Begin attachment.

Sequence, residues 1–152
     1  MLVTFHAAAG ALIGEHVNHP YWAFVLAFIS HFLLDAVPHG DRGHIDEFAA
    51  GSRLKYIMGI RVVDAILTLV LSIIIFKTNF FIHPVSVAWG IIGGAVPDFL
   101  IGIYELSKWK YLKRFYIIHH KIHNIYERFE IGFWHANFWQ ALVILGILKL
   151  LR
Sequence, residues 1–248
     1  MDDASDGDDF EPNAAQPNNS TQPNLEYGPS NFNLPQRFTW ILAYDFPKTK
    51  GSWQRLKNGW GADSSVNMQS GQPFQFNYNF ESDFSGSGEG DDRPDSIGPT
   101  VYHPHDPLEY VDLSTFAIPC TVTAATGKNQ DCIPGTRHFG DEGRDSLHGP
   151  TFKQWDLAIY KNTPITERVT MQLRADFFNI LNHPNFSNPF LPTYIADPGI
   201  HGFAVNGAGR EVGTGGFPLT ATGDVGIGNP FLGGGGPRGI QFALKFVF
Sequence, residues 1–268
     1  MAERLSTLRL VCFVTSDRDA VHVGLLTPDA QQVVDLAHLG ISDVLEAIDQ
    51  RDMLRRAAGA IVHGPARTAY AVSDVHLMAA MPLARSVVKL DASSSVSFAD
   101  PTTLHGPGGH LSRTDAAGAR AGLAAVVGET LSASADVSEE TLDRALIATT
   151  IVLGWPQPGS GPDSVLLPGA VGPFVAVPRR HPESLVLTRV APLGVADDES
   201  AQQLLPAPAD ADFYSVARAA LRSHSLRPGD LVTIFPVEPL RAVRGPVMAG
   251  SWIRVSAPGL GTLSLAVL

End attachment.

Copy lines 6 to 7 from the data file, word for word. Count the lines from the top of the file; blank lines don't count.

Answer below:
Sequence, residues 1–248
     1  MDDASDGDDF EPNAAQPNNS TQPNLEYGPS NFNLPQRFTW ILAYDFPKTK